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INTELLIGENCE

Senator has concerns about spy nominee

The chairwoman of the Senate Select Committee on Intelligence says she has concerns about someone from the military heading U.S. spy agencies.

Sen. Dianne Feinstein, California Democrat, prefers a civilian as national intelligence director. President Obama has nominated retired Air Force Gen. James Clapper for the job. He heads intelligence services at the Pentagon.

Mrs. Feinstein says her preferred pick is CIA chief Leon E. Panetta. She told CNN’s “State of the Union” that the right civilian leader would need to know “how to temper sharp elbows and how to really move” U.S. intelligence operations.

Mr. Obama wants quick Senate approval of Mr. Clapper. But a vote may not come until the fall because of questions about whether Mr. Clapper would be too close to the Pentagon.

WHITE HOUSE

Obama to agencies:

Don’t pay dead people

Here’s an idea, Uncle Sam: Stop writing checks to dead people.

The government sent benefit checks to 20,000 departed Americans over three years, totaling more than $180 million - a remarkable number that provoked the Obama administration to create a governmentwide “do not pay” list as part of its brainstorming for ways to save taxpayer money.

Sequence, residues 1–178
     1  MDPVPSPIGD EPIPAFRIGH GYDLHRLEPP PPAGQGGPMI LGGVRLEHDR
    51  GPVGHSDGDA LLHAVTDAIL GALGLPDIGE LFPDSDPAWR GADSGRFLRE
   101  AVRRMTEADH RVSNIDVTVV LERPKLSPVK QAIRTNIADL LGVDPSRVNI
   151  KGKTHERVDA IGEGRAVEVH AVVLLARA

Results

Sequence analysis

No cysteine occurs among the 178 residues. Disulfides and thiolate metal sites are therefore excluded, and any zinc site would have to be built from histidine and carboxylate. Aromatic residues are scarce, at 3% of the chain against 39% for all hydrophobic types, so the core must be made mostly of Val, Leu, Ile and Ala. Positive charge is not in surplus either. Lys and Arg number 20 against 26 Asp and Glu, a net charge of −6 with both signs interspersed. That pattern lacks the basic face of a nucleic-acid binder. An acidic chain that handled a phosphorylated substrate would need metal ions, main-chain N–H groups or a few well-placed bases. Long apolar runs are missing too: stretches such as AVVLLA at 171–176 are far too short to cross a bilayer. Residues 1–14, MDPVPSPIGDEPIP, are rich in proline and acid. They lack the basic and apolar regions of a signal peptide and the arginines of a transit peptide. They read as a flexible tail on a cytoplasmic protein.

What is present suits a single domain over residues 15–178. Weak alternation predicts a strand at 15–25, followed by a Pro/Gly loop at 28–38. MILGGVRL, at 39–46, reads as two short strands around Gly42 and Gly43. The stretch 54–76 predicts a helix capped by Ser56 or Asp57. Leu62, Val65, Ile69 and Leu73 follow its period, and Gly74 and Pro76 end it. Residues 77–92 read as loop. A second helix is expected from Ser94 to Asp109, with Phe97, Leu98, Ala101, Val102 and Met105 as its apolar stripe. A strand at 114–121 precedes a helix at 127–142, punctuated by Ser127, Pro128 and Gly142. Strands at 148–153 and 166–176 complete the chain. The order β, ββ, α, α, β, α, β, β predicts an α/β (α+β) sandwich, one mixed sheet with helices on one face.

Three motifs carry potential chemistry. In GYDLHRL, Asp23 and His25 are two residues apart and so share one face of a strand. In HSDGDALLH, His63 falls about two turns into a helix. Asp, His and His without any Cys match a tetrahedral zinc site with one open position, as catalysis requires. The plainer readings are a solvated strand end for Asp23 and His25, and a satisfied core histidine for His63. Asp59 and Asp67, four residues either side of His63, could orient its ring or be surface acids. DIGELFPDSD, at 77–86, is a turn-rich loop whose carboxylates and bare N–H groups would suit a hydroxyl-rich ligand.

Once the database is up and running, agencies will have to search it before sending out payments. A pre-check check, so to speak.

“We’re making sure that payments no longer go to the deceased - it sounds ridiculous even to say it,” acknowledged Vice President Joseph R. Biden Jr. in describing the database.

Also planned for inclusion: contractors who’ve fallen behind in their payments or, even worse, landed in jail, and companies that have been suspended or otherwise deemed ineligible for government work.

“This stuff seems obvious on its face,” Mr. Biden acknowledged. “The voters will go, ‘My God, isn’t that happening already?”’

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